The Linen Cupboard Metaphor for Trauma Sufferers

A psychological trauma disturbs the sufferer's mind and leaves them feeling battered and broken. One way of addressing this internal disturbance is by taking each memory out of its dark space and reviewing and processing it properly. We explain how.
The Linen Cupboard Metaphor for Trauma Sufferers
Valeria Sabater

Written and verified by the psychologist Valeria Sabater.

Last update: 08 February, 2023

Desperate, lost, broken, and distraught. Psychological traumas leave long-lasting emotional fractures that aren’t visible to the naked eye, but that severely restrict the sufferer’s quality of life. In fact, it’s often said that few of us manage to avoid this type of experience because fate is both unpredictable and cruel.

However, this doesn’t mean that these wounds can’t be healed. Indeed, the trauma sufferer can flourish again after the intense stress, permanent anxiety, insomnia, and relational problems of trauma. As the neurologist and psychiatrist, Boris Cyrulnik pointed out, every injured person is forced into metamorphosis. Moreover, although pain always leaves a scar, we can give it another more bearable and sometimes even beautiful meaning.

This reality can be achieved through psychological therapy. It’s in an environment of protection and human connection that the metamorphosis starts. In order to understand the journey toward healing, there’s a useful metaphor for understanding how this change comes about.

Trauma is an unexpected event that threatens our lives and integrity. It disintegrates us and leaves us in extremely fragile and stressful situations of vulnerability.

Man in psychotherapy working on messy closet metaphor
The metaphor of the linen cupboard defines a task carried out in psychological therapy with patients suffering psychological trauma.

The increasing incidence of trauma

Research conducted by several universities around the world states the worrying fact that more than 70 percent of the people surveyed reported having experienced trauma. In addition, many didn’t seek psychological support and continued to suffer the consequences of post-traumatic stress.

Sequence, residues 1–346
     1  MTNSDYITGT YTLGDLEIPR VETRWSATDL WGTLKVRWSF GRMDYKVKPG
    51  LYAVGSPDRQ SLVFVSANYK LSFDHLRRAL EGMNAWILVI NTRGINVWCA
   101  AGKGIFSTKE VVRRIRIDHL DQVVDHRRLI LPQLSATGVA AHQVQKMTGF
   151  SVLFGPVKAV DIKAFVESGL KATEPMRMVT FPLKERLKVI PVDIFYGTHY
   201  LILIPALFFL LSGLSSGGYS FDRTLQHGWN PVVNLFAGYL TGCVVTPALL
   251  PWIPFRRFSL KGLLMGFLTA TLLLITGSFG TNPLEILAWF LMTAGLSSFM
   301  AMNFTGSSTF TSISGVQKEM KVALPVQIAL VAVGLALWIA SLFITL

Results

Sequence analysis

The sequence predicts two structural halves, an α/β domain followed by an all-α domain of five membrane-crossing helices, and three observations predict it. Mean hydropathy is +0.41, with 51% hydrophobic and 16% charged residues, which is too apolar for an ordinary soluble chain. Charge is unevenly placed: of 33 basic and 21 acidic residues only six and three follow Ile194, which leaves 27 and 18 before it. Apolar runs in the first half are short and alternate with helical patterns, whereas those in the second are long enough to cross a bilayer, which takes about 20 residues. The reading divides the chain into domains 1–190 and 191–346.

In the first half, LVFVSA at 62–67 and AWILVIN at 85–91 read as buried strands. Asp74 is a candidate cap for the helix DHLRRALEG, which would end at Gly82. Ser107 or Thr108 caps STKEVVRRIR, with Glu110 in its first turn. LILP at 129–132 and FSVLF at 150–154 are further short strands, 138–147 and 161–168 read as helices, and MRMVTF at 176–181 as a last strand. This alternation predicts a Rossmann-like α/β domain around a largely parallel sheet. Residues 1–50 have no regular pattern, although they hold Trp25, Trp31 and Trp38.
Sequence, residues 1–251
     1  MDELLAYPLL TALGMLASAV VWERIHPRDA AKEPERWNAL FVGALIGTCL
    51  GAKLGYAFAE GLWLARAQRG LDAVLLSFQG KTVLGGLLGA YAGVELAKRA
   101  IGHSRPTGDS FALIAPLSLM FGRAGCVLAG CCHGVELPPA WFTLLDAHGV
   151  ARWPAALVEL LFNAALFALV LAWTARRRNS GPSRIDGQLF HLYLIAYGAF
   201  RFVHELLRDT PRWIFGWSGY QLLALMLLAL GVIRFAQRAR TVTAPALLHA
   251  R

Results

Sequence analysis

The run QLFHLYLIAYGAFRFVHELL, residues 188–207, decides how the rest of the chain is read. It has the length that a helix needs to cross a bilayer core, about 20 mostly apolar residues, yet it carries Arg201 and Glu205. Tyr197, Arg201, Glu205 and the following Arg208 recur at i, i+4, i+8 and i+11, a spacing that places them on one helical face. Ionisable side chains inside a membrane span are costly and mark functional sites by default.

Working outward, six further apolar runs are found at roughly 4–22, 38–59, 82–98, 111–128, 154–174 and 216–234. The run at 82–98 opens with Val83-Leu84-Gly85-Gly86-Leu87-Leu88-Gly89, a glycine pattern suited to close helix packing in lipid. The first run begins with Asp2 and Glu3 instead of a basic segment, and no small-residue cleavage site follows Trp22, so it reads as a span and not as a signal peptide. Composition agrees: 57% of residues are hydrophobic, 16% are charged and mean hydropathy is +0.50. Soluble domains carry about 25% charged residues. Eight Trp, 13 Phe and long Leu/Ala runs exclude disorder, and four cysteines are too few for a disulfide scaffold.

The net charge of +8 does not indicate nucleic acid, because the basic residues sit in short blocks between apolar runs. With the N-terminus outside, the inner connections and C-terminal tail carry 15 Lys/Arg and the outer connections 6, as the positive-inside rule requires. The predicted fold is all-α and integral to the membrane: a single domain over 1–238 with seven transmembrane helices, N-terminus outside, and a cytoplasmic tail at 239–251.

These situations are overwhelming. Furthermore, anyone is susceptible to experiencing threatening circumstances. Indeed, from the moment we’re born, we’re exposed to infinite circumstances that can alter our physical and emotional integrity. For example, childhood abuse, the loss of a loved one, sexual abuse, assaults, painful emotional relationships, and adverse social events.

The traumatic injuries that these experiences leave behind have an impact on all areas of the sufferer’s life. For instance, emotional, cognitive, relational, physical, social, etc. In these situations, it’s important to have two pillars. Firstly, the support of the environment. Secondly, specialized psychological intervention. In fact, recovery requires a series of steps. These perfectly exemplify the metaphor of the linen cupboard. 

Sometimes, traumatic memories are stored in a way that’s not accessible to conscious memory.

The metaphor of the linen cupboard

The linen cupboard metaphor is used to understand how traumatic memories are organized. As a rule, a trauma survivor exhibits really disordered memories of the painful event. These can often be blocked, hidden deep in their mind, or even accompanied by completely irrational and harmful ideas.

The linen cupboard metaphor provides the psychologist and the client with a simple and illustrative image of what the therapeutic work will be like. The client has to recover their memories from those hidden places, analyze them, and then save them in the right place.

The hippocampus ‘clutters’ our mental closet